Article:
My first book, Michelangelo and the Reform of Art (2000), awarded the prize for “best book in Renaissance studies” by the Renaissance Society of America, studied that artist's engagements with older traditions, genres, and modalities of art in the context of the image debates of the sixteenth century. The concern with the temporal life of art was developed in Anachronic Renaissance (2010), co-authored with Christopher Wood, which has appeared in a French translation and is soon to appear in Spanish and Italian. The concern with art and religion was developed into a broader interpretation of the art of the period in The Controversy of Renaissance Art (2011), which was awarded the top book prize by the College Art Association. More recently, I studied the persistent interest in medieval art among artists of the twentieth century in Medieval Modern; Art out of Time (2012).
Some of my ideas are controversial, yet I am no prideful loner. I am a great believer in dialogue and collaboration in my field and across fields, and with colleagues all over the world. I have been part of research groups in France, Germany, and Spain, and have published a volume of essays commissioned from multiple authors (co-edited with Lorenzo Pericolo) on Subject as Aporia in Early Modern Art (2010), and have another to be published by Brepols next year (co-edited with Giancarla Periti) on Ravenna in the Imagination of Renaissance Art. I work often with colleagues across disciplines as well as in the world beyond academia, particularly the spheres of art making and curating. At the Institute of Fine Arts, I recently organized a panel, in collaboration with the Services Culturels of the French Embassy, where representatives from France and the United States discussed initiatives of politically engaged art originating in the two countries. This past fall, I organized a series of dialogues with practicing artists about works of older (pre-1800) art accessible in New York, an effort to expand the modalities of art history that was published in the Brooklyn Rail and that I hope to develop in other forums in the coming years.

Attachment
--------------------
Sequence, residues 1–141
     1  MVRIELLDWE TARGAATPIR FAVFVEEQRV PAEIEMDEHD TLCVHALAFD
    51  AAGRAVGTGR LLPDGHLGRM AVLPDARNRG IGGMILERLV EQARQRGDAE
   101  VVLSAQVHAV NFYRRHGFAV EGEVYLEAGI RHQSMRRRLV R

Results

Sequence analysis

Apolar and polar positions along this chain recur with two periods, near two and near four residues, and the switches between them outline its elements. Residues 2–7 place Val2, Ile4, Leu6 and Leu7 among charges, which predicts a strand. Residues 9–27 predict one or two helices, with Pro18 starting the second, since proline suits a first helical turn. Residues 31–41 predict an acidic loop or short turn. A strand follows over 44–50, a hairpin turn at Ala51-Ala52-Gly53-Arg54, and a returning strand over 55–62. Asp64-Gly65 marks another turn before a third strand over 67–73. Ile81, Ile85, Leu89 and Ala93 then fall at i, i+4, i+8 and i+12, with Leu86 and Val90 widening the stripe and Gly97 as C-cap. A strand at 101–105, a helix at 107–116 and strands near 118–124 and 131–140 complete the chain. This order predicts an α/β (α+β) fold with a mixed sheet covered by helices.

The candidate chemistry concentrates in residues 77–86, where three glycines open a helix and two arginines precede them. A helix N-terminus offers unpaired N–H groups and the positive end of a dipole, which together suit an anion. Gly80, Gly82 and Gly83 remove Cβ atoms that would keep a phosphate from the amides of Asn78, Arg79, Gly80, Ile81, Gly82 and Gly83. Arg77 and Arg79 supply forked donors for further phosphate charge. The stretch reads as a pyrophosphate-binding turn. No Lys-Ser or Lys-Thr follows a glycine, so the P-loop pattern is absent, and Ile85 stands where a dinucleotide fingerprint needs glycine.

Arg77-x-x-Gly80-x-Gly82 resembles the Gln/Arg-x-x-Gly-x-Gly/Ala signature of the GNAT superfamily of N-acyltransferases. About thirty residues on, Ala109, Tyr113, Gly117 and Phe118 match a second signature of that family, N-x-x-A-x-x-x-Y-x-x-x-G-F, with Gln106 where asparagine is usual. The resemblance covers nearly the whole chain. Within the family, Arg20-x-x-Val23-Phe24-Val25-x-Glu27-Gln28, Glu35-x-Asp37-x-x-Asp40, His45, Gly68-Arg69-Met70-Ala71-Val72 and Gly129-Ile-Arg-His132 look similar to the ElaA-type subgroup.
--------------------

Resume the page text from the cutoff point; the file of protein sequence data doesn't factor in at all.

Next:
I consider myself an ambassador of my home institution, actively connecting students and colleagues through larger networks of scholarly exchange. In 2007-8, my first year at NYU, I was a fellow at the Wissenschaftskolleg, Europe’s answer to Princeton’s Institute for Advanced Study. Before that, I served as Mellon Professor, a two-year research position at this country’s pre-eminent research center in art history at the National Gallery of Art in Washington. I am currently in discussion with the Victoria and Albert Museum in London to serve as their scholar in residence in a future year. I have participated in several research groups across Europe. I have served on the board of major journals and on the selection committees of important granting agencies.
The field of Renaissance art is neither as large nor as central as it once was. I believe this is an opportunity for the field to revise its premises and to come into a different configuration. I don’t believe that graduate students belong to one advisor or one department. “It takes a field”—this should be our motto. Accordingly, I mentor students, officially and unofficially, from many other programs, including UC Berkeley, Harvard, Yale, USC, Rutgers, Princeton, Columbia, and various universities in Berlin, Paris, and Madrid.